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Kendall Cedric Gill (born May 25, 1968) is an American retired professional basketball player who now works as a television basketball analyst.

Early life

Gill was born in Chicago and attended Rich Central High School in Olympia Fields, Illinois. Graduating in 1986 as a senior, he led Rich Central to a second-place finish in the IHSA class AA state boys basketball tournament. Gill led his team in scoring with 54 points in the four games of the tournament finals, and was named to the six-player All-Tournament team. After high school, Gill attended the University of Illinois. Playing four years for the Fighting Illini, he was a starter in his last three seasons. As a junior, Gill led the Fighting Illini to the 1989 Final Four before losing to Michigan on a last-second shot. Also among that fabled ''"Flyin' Illini"'' squadron were future NBA players Nick Anderson, Marcus Liberty, Kenny Battle and Illini TV/radio broadcaster Stephen Bardo as well as four-year starter Lowell Hamilton. As a senior, Gill led the Big Ten in scoring and was named a first-team All-American (UPI). He left Illinois as the seventh-leading scorer in school history. Gill's Illini earned NCAA bids each year he played. He also won the NCAA Slam Dunk championship in the Final Four his senior season. Gill was elected to the "Illini Men's Basketball All-Century Team" in 2004.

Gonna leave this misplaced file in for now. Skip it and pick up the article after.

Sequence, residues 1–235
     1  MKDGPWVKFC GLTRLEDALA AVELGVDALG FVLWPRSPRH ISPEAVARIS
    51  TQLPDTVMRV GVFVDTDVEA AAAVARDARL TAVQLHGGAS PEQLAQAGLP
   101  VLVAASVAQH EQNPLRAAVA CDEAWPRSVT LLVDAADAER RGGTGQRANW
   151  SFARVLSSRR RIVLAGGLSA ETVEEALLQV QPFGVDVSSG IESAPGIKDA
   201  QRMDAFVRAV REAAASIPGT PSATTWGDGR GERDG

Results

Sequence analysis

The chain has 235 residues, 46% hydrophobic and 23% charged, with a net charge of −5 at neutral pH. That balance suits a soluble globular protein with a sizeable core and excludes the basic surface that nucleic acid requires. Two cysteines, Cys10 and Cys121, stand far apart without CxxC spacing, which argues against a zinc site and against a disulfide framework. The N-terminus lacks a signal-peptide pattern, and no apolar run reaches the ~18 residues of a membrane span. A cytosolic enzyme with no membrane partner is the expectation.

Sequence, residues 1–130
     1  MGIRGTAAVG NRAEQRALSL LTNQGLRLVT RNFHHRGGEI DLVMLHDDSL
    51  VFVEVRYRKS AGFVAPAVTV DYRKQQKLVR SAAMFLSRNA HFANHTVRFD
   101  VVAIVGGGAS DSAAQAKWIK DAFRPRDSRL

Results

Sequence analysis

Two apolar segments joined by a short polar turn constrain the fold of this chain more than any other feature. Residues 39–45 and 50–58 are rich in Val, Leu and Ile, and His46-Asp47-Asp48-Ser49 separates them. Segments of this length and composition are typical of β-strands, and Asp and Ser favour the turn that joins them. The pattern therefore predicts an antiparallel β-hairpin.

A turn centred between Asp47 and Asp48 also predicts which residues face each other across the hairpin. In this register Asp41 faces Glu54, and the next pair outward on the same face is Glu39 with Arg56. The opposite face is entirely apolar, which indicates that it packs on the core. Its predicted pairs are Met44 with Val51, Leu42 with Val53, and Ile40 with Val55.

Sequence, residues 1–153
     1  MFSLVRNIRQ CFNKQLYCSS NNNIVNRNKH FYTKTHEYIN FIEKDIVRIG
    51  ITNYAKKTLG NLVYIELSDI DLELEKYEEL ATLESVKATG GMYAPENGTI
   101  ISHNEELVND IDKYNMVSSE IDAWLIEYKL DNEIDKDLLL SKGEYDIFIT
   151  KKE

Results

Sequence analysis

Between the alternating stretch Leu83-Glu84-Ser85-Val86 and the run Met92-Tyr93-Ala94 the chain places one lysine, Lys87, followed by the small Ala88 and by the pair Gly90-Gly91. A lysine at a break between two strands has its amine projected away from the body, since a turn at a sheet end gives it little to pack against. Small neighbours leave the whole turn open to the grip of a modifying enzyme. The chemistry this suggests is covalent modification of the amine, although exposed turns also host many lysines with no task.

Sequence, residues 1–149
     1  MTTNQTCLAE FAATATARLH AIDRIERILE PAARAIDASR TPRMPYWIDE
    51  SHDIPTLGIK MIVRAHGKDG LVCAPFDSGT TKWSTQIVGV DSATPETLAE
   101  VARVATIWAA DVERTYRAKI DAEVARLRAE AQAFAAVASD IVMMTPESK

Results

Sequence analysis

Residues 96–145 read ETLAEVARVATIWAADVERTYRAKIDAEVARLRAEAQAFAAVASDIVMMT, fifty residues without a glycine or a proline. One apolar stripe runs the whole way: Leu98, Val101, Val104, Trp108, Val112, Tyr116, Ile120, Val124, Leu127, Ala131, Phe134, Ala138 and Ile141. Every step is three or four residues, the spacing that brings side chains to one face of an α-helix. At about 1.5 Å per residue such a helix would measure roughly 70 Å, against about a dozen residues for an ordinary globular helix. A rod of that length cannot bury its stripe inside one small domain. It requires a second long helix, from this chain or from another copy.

NBA career